76ers general manager Elton Brand spoke to the media on Tuesday afternoon about a multitude of different things. Throughout the conference call, he talked about a desire to keep Joel Embiid and Ben Simmons, potential change in the front office and his role in the ever evolving Sixers management.
Here are three takeaways:
1. Elton Brand's role in the 76ers front office is solidified
When Brett Brown was fired on Monday, many 76ers fans hoped to see Brand gone with him. They were frustrated at his decision to build the team in a bully ball style last offseason instead of surrounding Embiid and Simmons with outside shooters. However, Brand will be staying at the helm for the 76ers, albeit with a twist.
When Brand was hired to be the team's general manager in September 2018, he had very limited managerial experience. His only experience came as the general manager of the Sixers' G-League affiliate, the Delaware Blue Coats. Partially as a result of his lack of experience, the 76ers front office utilized a "collaborative approach" when making any decisions in Brand's first full offseason at the helm.
One of the things that caused the 76ers misguided approach last offseason was the collaborative approach used by the front office. Brand, during Tuesday's conference call with reporters, said things will be different this offseason.
"To be clear and frank, we feel that the collaboration days didn’t work too well, so I will be leading the search," Brand said. "I will make the recommendation to managing partner Josh Harris and co-managing partner David Blitzer, of course, but we’re getting better."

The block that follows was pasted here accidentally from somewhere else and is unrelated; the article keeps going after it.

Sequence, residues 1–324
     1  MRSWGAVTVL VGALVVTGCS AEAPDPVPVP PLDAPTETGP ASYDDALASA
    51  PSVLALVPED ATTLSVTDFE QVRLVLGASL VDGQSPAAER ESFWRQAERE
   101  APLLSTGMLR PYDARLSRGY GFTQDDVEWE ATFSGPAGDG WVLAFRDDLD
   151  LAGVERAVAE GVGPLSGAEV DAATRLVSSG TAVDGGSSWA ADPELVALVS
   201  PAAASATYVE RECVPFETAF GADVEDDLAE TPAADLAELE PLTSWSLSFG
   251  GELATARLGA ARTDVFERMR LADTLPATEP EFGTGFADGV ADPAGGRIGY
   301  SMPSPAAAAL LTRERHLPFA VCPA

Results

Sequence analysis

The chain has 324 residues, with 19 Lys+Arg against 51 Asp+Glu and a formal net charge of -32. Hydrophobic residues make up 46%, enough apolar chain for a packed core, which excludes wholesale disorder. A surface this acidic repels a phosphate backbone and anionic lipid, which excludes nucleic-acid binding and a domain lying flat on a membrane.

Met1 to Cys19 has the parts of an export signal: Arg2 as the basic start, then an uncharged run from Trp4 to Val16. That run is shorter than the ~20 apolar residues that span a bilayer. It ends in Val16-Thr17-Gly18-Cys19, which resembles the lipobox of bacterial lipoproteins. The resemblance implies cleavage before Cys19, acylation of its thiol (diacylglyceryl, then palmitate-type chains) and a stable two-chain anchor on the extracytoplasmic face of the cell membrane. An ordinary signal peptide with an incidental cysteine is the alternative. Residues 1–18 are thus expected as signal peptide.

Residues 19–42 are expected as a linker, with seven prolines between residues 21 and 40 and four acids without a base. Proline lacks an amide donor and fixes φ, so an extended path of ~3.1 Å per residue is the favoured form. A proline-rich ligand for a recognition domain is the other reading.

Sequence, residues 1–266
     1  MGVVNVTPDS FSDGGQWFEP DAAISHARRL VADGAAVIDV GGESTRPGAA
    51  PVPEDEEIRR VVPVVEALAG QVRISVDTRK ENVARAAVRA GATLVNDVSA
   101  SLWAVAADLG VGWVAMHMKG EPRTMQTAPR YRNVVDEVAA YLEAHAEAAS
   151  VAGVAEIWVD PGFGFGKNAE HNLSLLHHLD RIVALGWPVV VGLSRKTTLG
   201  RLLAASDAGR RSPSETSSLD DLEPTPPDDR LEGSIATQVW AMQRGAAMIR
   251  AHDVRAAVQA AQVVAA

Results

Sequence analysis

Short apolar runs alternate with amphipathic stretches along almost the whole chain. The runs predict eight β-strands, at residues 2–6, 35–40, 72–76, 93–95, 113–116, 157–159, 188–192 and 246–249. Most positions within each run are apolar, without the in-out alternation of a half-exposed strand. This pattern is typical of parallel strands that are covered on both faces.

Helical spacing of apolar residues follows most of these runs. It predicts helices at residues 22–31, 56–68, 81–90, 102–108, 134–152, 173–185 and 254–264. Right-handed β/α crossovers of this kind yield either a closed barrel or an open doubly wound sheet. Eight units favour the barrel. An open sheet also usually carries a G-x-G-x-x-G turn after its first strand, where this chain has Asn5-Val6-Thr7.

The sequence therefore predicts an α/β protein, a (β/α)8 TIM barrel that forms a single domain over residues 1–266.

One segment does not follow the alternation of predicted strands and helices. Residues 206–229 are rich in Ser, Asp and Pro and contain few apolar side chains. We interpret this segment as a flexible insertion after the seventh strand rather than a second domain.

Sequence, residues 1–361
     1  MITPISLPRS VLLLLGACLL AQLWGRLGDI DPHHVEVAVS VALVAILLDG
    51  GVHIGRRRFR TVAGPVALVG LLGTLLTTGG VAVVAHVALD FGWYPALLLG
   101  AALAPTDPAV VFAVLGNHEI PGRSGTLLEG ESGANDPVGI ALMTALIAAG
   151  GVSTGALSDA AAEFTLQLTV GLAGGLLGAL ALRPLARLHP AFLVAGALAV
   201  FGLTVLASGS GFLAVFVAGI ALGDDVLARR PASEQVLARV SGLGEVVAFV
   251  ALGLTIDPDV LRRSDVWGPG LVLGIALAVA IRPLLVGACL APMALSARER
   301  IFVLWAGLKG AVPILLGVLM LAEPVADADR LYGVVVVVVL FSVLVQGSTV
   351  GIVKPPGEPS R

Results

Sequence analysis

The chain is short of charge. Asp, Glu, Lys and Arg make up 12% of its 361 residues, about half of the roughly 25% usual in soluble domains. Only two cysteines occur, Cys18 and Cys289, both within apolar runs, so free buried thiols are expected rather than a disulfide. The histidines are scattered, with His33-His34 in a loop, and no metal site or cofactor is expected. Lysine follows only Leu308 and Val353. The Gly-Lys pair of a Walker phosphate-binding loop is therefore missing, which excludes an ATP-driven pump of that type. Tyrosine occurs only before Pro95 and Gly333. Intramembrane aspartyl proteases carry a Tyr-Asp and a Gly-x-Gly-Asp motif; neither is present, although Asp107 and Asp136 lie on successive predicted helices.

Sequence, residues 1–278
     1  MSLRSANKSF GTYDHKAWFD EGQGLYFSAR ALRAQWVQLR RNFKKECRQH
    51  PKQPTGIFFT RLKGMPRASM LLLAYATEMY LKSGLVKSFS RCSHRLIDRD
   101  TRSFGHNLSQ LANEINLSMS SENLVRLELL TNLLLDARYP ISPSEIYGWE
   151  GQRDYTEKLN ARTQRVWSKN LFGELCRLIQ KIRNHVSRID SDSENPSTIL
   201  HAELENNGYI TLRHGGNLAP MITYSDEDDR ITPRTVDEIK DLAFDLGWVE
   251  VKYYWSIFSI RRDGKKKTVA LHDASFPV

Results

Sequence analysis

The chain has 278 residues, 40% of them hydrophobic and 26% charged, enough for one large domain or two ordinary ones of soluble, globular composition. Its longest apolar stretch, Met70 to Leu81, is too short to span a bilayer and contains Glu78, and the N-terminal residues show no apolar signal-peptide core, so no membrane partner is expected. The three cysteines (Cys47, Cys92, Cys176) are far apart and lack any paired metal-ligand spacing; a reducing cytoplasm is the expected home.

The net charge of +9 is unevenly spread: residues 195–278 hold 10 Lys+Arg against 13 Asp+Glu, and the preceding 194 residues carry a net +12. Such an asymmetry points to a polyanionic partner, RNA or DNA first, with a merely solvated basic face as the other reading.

Brand said that he is "looking forward to putting my stamp on this thing" this offseason, meaning that Brand's position as the team's general manager is solidified amongst all the turnover that has happened and is expected to happen over the next few weeks or months.
The 76ers have to overcome a lot in order to dig themselves out of the hole they dug into last offseason when they made the move to sign Al Horford to a four-year, $109 million contract. Brand will get the opportunity to put his stamp on things and do things his way this offseason, beginning with the firing of Brett Brown.
With a full year of experience under his belt, Brand is better equipped now to make any decisions regarding the future of the team, whether it be finding who the next head coach is or any personnel moves throughout this upcoming offseason.
"I’d say it grew," he said of his power within the organization. "I was a rookie thrust into the position to lead a team with championship aspirations that the fan base sacrificed and struggled for some years. My understanding of the game grew, and how to manage and how to lead. I’ll admit I didn’t know a lot, but now, I do know a lot more. I’ve been through almost every situation there is, so I’m looking forward to leading this offseason and figuring out how to get us back on the right path."
2. More change will be coming to the front office
The firing of Brown is just the beginning of the front office changes the 76ers are going to make this offseason. The collaborative approach the 76ers took last offseason did not work out, and Brand has been given the ability to correct some of the mistakes made early in his tenure as general manager.